Volume 27 - Article 6 | Pages 153-166

Premarital conceptions, postconception ("shotgun") marriages, and premarital first births: Education gradients in U.S. cohorts of white and black women born 1925-1959

By Paula England, Emily Fitzgibbons Shafer, Lawrence L. Wu

Print this page  Send this article to a friend  Twitter

 

 
Date received:04 Apr 2012
Date published:25 Jul 2012
Word count:2348
Keywords:education, nonmarital fertility, premarital fertility, social class
DOI:10.4054/DemRes.2012.27.6
 

Abstract

Background: In the U.S. today, premarital first births occur disproportionately to women with low education and income. We lack studies of whether this education gradient was present in cohorts born earlier.

Objective: We examine education differences in the proportion of U.S. white and black women who: (a) experienced a premarital conception taken to term resulting in a first birth, and (b) had a premarital first birth by age 35. Among those experiencing a premarital conception, we examine the association between education and whether women married before the birth. We examine these patterns for birth cohorts born between 1925 and 1959.

Methods: We use the 1980, 1985, 1990, and 1995 June Fertility Supplements from the U.S. Current Population Survey to examine cohorts of women born between 1925 and 1959. The survey asked women the dates of their first marriage and their first birth, allowing us to determine premarital conceptions taken to term, and whether the resulting first births occurred within or outside of first marriage. We present descriptive information on the proportion of black and white women in each cohort who experienced the events of interest by age 35.

Results: For all cohorts, women with low education were generally more likely than their more educated counterparts to experience premarital conceptions and premarital first births. For blacks, but not whites, who experienced a premarital conception that was taken to term, those with more education were more likely to marry before the birth.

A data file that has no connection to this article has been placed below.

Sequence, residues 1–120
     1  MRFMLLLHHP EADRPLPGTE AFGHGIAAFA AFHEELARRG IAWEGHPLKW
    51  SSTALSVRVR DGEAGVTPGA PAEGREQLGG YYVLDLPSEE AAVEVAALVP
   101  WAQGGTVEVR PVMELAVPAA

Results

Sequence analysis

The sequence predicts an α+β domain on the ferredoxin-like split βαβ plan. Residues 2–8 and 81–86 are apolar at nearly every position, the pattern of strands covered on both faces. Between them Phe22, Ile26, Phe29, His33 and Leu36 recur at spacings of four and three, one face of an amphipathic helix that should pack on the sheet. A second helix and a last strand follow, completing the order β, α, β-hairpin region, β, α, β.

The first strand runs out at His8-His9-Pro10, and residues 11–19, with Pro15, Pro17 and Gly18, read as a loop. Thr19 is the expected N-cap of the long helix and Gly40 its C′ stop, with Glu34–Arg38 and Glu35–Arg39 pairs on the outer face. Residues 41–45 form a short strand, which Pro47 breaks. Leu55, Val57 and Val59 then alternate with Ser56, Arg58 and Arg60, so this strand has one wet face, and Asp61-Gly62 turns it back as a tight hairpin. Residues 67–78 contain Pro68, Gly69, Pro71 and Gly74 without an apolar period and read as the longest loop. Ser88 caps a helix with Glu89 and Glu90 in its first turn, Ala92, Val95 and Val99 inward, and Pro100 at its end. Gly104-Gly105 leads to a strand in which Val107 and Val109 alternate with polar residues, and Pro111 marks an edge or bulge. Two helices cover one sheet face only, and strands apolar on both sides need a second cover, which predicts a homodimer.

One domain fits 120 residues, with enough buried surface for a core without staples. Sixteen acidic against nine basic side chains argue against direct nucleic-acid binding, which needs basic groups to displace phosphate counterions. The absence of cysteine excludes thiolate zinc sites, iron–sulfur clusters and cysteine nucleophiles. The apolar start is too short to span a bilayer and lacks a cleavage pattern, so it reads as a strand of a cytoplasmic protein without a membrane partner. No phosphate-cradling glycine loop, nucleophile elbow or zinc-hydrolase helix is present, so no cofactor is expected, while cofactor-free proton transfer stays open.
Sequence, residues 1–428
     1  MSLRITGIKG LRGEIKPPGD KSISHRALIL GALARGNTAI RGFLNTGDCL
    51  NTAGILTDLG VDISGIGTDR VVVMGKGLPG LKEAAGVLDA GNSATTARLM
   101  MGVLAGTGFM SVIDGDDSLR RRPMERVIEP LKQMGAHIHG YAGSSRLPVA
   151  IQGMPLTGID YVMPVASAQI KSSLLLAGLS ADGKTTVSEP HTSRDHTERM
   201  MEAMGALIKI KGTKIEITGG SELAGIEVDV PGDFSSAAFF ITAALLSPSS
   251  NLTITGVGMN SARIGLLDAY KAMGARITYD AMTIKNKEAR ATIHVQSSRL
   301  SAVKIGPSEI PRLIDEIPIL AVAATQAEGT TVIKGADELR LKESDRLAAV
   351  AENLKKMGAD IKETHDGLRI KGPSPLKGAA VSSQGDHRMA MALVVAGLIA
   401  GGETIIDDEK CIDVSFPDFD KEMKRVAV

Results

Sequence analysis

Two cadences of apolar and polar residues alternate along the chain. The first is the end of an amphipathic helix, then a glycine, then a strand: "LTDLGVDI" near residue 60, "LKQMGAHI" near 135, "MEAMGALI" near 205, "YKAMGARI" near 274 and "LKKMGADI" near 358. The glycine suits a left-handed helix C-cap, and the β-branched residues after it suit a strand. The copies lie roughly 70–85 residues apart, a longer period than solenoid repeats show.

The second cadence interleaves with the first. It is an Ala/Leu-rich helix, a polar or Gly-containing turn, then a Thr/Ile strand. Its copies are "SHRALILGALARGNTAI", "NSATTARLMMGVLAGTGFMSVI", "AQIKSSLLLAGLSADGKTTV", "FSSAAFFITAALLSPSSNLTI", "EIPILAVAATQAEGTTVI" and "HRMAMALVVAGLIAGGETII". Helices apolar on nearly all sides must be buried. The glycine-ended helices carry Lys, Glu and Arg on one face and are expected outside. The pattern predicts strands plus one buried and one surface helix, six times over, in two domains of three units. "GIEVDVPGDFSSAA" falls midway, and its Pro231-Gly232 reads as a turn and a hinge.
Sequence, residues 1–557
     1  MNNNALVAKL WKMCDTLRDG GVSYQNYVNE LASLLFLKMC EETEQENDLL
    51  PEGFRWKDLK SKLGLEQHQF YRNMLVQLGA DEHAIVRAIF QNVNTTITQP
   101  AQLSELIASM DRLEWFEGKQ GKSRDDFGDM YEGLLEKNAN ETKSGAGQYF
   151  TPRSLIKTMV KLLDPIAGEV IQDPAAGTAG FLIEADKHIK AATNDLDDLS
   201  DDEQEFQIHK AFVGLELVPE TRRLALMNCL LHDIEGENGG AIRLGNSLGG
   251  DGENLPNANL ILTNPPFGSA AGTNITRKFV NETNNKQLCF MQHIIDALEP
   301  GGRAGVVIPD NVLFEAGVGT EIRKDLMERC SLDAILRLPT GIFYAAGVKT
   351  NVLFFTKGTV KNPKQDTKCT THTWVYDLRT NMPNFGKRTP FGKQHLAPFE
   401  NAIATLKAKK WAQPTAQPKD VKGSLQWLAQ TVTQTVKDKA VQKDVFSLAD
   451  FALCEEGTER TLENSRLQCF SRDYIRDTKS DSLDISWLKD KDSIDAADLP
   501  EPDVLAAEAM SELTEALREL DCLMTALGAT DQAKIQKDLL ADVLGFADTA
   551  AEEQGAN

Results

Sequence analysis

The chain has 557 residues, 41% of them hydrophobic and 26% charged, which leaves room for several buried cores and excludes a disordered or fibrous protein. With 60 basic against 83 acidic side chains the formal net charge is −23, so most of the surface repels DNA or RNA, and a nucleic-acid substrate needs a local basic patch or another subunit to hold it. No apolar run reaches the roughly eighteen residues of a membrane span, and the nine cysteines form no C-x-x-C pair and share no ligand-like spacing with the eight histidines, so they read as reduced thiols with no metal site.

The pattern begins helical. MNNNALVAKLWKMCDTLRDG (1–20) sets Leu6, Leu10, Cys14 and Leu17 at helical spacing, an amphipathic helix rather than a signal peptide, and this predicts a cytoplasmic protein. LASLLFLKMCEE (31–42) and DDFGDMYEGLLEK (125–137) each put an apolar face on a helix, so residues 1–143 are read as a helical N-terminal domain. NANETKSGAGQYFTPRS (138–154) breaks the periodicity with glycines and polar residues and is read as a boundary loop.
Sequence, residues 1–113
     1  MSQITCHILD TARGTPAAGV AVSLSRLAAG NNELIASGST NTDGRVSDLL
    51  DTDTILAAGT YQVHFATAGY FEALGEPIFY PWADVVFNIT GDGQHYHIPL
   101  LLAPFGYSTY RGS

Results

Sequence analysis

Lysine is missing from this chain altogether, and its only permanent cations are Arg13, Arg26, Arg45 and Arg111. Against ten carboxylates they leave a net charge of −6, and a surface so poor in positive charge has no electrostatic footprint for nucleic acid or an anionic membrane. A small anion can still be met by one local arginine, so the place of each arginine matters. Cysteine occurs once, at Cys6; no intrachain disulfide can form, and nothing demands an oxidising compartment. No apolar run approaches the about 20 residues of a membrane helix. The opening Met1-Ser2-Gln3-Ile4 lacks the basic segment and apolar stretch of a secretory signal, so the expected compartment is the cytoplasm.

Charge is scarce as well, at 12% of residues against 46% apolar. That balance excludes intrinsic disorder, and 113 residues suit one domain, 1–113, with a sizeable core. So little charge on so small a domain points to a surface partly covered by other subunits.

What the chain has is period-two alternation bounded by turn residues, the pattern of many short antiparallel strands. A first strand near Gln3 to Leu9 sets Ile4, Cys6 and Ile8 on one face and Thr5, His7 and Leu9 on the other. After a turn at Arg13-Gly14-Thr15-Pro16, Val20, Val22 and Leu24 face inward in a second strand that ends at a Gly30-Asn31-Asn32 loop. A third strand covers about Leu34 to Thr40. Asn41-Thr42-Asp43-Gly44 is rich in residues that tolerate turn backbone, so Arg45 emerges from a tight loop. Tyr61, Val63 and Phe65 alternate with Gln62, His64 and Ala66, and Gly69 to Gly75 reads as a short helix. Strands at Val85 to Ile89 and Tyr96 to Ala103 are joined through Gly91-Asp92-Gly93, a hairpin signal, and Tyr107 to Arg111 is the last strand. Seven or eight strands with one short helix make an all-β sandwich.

Conclusions: In the U.S., the concentration of premarital conceptions and premarital first births among less educated women was present for cohorts extending back to those born in 1925.

Author's Affiliation

Paula England - New York University, United States of America [Email]
Emily Fitzgibbons Shafer - Harvard University, United States of America [Email]
Lawrence L. Wu - New York University, United States of America [Email]

Other articles by the same author/authors in Demographic Research

» The sexual double standard and gender differences in attitudes toward casual sex among U.S. university students
Volume 30 - Article 46

» When one spouse has an affair, who is more likely to leave?
Volume 30 - Article 18

Most recent similar articles in Demographic Research

» Fertility trends by social status
Volume 18 - Article 5    | Keywords: education, social class

» Socioeconomic status and fertility before, during, and after the demographic transition: An introduction
Volume 31 - Article 7    | Keywords: social class

» Male fertility in Greece: Trends and differentials by education level and employment status
Volume 31 - Article 6    | Keywords: education

» Educational differentials in cohort fertility during the fertility transition in South Korea
Volume 30 - Article 53    | Keywords: education

» What happens after you drop out? Transition to adulthood among early school-leavers in urban Indonesia
Volume 30 - Article 41    | Keywords: education